GSA Annual Meeting in Seattle, Washington, USA - 2017

Paper No. 354-9
Presentation Time: 9:00 AM-6:30 PM


MEGHANI, Nooreen A., Earth and Environmental Systems Institute, The Pennsylvania State University, 318B EES Building, University Park, PA 16802, MILLER, Douglas A., Earth and Environmental Systems Institute, The Pennsylvania State University, 317G EES Building, University Park, PA 16802 and HOLDERMAN, Brennan, Ecosystem Science and Management, The Pennsylvania State University, University Park, PA 16802,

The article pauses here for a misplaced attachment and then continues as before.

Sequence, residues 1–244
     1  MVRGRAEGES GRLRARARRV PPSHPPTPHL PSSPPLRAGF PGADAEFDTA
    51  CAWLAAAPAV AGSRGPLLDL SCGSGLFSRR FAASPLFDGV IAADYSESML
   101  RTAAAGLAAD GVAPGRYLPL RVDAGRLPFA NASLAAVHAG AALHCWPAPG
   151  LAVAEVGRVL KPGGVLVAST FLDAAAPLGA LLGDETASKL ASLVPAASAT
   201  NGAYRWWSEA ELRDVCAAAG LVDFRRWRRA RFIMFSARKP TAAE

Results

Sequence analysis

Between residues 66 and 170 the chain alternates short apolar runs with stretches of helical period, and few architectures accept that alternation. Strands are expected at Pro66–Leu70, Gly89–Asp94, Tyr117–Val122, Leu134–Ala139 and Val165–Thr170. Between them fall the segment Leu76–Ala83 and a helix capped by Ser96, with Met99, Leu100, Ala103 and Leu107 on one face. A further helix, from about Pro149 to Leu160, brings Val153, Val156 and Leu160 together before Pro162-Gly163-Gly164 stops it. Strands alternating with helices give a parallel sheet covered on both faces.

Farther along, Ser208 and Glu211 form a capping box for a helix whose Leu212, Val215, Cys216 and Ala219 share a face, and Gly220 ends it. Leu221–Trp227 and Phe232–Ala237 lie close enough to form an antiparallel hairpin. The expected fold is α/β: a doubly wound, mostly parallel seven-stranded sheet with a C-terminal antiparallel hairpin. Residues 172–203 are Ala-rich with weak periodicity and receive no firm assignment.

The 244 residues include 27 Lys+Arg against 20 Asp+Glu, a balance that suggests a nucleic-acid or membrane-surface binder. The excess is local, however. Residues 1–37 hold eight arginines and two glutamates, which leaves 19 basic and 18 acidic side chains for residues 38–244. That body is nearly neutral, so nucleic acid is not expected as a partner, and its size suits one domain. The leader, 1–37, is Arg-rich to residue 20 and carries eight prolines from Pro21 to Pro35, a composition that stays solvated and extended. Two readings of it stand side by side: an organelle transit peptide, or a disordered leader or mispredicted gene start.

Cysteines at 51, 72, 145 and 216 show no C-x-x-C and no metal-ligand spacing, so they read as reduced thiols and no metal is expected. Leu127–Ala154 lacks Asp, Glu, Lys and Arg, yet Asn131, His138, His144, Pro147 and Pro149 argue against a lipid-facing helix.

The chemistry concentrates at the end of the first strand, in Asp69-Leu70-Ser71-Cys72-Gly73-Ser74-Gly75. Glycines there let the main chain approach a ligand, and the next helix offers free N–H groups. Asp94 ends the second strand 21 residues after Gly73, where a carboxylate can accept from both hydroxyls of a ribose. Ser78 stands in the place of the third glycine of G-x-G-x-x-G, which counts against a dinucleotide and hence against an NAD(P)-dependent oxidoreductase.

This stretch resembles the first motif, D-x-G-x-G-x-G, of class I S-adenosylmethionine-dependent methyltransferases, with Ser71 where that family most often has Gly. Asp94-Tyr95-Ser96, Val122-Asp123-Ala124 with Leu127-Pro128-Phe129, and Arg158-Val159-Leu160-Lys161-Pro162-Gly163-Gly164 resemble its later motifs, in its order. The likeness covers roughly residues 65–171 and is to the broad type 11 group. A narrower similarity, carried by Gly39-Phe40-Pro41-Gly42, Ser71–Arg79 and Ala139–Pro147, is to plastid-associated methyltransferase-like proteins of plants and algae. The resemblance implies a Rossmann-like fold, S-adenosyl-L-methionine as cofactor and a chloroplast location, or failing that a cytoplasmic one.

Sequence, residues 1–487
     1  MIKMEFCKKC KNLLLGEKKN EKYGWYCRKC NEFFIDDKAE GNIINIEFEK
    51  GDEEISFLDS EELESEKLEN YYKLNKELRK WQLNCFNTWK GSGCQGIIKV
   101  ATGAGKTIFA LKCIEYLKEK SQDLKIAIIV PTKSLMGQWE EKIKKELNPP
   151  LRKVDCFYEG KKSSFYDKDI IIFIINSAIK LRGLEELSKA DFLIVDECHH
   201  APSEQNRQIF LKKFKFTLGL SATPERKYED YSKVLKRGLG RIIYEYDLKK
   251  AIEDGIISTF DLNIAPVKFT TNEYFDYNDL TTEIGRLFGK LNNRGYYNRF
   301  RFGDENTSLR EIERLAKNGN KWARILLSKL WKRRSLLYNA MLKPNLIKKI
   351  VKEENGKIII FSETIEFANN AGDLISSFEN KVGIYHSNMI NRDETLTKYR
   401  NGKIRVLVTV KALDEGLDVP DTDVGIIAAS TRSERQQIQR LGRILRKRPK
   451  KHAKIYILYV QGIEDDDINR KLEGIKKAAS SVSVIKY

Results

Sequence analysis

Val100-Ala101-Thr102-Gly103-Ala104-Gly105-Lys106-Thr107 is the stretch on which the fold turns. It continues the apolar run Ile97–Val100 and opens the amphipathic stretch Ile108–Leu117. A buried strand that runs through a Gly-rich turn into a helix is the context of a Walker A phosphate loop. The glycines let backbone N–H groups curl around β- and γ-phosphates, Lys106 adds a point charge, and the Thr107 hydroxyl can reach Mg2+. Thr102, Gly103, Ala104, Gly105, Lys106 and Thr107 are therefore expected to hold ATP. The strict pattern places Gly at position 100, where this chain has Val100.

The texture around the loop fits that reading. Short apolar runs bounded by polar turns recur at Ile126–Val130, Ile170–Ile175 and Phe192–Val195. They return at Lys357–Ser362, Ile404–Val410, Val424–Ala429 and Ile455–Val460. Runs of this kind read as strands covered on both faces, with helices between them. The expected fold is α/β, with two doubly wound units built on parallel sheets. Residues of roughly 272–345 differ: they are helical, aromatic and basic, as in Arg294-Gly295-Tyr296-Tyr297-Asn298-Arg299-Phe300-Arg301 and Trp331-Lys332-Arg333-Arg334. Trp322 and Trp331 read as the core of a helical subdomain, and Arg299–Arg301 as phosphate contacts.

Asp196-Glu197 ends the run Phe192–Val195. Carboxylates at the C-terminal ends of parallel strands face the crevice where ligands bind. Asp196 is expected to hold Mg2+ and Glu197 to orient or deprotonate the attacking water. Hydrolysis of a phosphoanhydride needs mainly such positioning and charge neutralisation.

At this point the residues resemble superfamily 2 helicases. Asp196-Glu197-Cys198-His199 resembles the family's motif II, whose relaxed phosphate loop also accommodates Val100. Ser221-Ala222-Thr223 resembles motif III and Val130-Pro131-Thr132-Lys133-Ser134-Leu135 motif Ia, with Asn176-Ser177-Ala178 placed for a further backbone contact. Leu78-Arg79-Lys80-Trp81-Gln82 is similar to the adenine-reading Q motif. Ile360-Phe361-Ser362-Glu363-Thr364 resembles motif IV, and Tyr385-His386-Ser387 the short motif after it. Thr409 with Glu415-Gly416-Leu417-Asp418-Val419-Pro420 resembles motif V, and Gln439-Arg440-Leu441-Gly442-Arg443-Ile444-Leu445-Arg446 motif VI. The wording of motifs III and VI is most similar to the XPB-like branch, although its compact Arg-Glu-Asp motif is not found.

Small, unmanned aerial systems (sUAS), commonly called “drones”, are becoming increasingly valuable in the geosciences. Much of the data that were previously collected through expensive and time-consuming manned aerial missions, repeated over decades, can now be gathered with today’s lightweight, easy to use, and relatively inexpensive sUAS. Off-the-shelf drones come equipped with excellent cameras (for example, the DJI Phantom 4 Advanced and Pro models have cameras with 1” sensors and cost $1300 and $1600, respectively), and automated photogrammetry software have allowed sUAS photogrammetry to become commonplace. Photogrammetry software can produce point clouds comparable to terrestrial lidar (Hugenholtz et al. 2013), and digital surface models (DSM) with internal (within-image) accuracies on the order of centimeters (James and Robson, 2012). Images that are orthorectified based solely on the camera’s internal GPS have similar over-all accuracy as consumer-grade hand-held GPS units and can suffer from both rotational and translational inaccuracies. Including surveyed ground control points (GCP) and identifying them in photogrammetric software improves accuracy dramatically (e.g. Aguera-Vega et al., 2017); however, placing GCP for use in sUAS missions is not always practical: densely forested areas are one such example. Even in leaf-off conditions, accuracy achieved by survey-grade GNSS systems is worse than 2m (US Forest Service GPS systems review, as of June 8, 2017) and cost tens of thousands of dollars. For less than $600, Emlid offers real time kinematic (RTK) GNSS sensors (currently L1 only, L1/L2 in the next model) that are reported to get 2cm accuracy or better (Reach RTK specs). Using one Emlid receiver as a base station, set up either on a forest service road or in a clearing, and another Emlid receiver as a rover on a T18 Octocopter, we aim to overcome the need for GCPs by instead more accurately locating our sUAS. Initial stationary tests with the Emlid system have resulted in better than 30cm horizontal accuracy with the base station and better than 5 cm horizontal accuracy with the rover in relation to the base station. These preliminary results suggest that we will be able to achieve sub-meter accuracy in our aerial surveys with the Emlid Reach RTK system.